I should have gone somewhere different after leaving Dillon & Beck, the law firm where we used to work, but he made me a generous offer and I followed him here. And nothing had changed, despite all his promises of a new beginning and a different work-life balance as in-house counsel. Maybe one day I'll get my shit together and go find the job, and the life, that I deserve.
The elevator pinged and the doors slid open onto the executive suite. Everything on this floor was plush, soft and expensive, unlike the utilitarian, budget-friendly accommodations two floors below in the Legal Department. I paced past the darkened offices of the CEO's sycophants, more commonly referred to as the Executive Committee, before I reached Michael's suite. Everything was dark here, too. If he dragged me up here at this ungodly hour and forgot about our meeting, I'd be royally pissed.
The company's reserve lighting system created a menacing tangle of shapes and shadows in the anteoffice. A small pit-a-pat of fear slid through me as I flipped the light switch. His assistant's desk was neat and orderly, just the way she always left it.
I tapped lightly on his door. "Michael, it's me. Ellice."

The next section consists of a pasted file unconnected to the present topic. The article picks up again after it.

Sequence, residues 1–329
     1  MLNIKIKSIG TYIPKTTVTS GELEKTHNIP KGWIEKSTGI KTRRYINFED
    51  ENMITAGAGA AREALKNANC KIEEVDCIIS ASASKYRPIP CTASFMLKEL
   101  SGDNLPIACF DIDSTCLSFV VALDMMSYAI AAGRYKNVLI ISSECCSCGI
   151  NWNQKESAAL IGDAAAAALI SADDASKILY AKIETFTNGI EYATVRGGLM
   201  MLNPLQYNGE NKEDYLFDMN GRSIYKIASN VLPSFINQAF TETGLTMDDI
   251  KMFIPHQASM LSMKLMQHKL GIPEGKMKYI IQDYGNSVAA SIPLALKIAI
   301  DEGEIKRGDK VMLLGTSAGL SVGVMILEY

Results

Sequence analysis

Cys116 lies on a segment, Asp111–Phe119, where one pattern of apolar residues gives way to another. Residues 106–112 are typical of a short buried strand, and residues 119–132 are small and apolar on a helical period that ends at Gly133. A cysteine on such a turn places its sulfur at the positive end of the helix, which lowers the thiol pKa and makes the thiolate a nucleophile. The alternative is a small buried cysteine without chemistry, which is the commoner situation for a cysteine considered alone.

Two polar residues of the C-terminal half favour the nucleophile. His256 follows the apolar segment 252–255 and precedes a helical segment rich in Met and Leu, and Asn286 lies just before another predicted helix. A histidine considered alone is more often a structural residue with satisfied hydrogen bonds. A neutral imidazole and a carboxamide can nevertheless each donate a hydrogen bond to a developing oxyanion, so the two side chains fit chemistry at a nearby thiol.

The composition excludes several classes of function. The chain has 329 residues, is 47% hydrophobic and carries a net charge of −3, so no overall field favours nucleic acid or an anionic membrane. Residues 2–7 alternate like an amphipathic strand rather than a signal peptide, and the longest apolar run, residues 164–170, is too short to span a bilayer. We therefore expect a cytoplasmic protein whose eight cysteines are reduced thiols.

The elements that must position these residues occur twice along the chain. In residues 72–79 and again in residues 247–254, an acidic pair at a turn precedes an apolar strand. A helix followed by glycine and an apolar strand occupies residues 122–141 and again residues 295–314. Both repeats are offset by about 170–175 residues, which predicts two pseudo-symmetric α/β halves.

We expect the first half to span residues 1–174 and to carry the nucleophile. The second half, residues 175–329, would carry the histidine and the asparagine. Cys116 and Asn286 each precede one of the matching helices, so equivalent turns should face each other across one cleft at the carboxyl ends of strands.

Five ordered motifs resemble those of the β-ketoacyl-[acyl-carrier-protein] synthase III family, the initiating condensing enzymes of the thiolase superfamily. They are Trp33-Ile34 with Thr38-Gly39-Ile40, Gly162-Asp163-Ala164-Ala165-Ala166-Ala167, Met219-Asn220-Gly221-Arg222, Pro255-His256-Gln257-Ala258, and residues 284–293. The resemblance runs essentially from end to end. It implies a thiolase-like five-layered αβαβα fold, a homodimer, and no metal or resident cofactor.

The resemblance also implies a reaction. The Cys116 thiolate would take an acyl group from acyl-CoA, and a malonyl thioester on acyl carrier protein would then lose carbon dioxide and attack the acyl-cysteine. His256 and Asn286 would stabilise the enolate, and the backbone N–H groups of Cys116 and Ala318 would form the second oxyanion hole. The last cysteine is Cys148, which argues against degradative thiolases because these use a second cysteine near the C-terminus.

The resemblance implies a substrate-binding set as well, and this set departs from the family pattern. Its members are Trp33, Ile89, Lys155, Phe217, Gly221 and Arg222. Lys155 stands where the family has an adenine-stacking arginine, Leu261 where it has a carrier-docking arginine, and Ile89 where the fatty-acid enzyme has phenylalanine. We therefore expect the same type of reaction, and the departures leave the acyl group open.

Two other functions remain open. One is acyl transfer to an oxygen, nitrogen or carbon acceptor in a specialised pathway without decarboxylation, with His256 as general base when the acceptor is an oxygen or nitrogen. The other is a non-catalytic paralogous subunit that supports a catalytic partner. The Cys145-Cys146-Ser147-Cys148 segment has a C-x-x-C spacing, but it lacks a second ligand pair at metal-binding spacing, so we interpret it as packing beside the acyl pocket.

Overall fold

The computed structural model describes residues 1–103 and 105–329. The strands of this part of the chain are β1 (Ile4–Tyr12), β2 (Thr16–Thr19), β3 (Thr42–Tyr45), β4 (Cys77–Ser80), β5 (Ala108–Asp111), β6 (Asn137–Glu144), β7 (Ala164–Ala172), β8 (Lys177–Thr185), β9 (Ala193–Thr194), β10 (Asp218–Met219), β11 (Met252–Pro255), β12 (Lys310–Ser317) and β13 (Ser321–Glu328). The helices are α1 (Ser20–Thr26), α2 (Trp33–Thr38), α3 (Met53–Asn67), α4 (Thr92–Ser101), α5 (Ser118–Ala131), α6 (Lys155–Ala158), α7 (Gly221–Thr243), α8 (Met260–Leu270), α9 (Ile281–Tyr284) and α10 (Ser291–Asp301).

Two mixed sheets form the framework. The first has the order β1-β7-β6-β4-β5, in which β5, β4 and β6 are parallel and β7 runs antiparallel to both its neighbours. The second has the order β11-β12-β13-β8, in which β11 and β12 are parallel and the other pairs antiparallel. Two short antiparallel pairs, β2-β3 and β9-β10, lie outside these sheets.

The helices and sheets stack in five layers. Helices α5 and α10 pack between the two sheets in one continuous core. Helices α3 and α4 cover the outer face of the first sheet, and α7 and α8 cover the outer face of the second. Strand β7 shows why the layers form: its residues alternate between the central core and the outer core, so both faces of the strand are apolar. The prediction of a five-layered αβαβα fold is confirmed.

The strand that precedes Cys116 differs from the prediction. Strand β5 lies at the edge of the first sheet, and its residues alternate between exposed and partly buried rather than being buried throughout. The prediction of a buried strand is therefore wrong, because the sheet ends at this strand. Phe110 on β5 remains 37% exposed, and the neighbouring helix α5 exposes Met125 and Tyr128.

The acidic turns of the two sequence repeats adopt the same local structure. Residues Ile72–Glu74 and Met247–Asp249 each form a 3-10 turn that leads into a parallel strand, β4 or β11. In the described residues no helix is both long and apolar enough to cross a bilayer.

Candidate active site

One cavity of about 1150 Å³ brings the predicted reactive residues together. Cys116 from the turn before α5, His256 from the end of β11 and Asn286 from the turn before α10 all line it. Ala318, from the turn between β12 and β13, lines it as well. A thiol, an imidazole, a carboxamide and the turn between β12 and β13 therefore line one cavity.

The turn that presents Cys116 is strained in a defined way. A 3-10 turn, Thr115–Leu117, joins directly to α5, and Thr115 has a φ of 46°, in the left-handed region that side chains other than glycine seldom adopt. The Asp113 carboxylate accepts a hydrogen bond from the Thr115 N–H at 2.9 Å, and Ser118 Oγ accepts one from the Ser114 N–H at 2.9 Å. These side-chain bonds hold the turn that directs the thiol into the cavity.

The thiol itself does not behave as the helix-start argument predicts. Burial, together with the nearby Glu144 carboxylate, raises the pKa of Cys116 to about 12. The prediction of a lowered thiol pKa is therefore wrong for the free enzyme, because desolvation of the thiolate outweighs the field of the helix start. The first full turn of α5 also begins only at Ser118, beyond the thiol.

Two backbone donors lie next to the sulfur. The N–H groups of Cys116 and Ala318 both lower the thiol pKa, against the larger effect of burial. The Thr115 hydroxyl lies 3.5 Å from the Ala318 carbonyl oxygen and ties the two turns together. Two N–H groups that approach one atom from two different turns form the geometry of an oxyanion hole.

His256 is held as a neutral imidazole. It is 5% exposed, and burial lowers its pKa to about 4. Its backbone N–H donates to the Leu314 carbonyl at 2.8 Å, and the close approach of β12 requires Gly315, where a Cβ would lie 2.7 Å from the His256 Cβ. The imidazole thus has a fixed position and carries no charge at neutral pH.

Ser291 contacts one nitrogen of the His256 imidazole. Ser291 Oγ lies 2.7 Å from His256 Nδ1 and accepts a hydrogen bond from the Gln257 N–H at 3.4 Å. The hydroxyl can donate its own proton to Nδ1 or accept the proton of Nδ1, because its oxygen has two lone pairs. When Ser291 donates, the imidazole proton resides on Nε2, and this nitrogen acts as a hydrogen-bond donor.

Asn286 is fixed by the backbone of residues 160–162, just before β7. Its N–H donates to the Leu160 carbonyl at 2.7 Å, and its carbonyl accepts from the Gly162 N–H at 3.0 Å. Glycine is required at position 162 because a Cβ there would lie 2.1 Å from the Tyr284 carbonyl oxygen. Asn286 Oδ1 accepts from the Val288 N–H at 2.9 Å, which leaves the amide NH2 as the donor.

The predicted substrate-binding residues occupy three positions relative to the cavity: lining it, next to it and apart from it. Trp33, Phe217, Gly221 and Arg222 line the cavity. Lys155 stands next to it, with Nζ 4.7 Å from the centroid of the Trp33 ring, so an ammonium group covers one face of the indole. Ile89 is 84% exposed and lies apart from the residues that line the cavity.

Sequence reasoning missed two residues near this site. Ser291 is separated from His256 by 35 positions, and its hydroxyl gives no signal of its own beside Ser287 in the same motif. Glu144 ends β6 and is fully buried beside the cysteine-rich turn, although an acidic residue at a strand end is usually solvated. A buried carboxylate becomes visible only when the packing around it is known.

My skin prickled. I opened the door and flipped on the lights.
The bright crimson spray of blood was everywhere. Shock raced through me like a torpedo before landing in a hard knot at the pit of my stomach. My knees buckled as a tidal wave of nausea washed over me, like I would be sick and fade into black at any moment. But I didn't panic. I didn't utter a sound.
The star-shaped hole in Michael's right temple was ragged and grisly, like someone had tried to open his skull with a sledgehammer instead of a bullet. Blood had oozed in erratic streams along the side of his face, creating diminutive red rivers in the wrinkles along his jawline, before pooling at the end of his chin and trickling onto his starched white oxford shirt. The air hung thick with the acrid, copper scent of blood. And the hum of the fluorescent lights, the only sound in the room, was like a thousand bumblebees.
An instant later, my mind clicked, as if someone else were inside my head, directing me.
Run. Just go.
I turned my eyes away from Michael's lifeless body and the gun beside him. I hated myself for what I was thinking. Amid all this carnage, my first thoughts were to run, to leave without calling for help.
No one knows I'm here.
I slowly inched away from his body, careful not to touch anything. The few shreds of conscience I had left warned me that to leave would be reprehensible.
I prayed to God for forgiveness, turned off the lights, and quietly closed the office door behind me.
This would be the last secret between Michael and me.
Excerpted from the book ALL HER LITTLE SECRETS, by Wanda M Morris. Copyright © 2021 by Wanda M. Morris. From William Morrow, an imprint of HarperCollins Publishers. Reprinted by permission.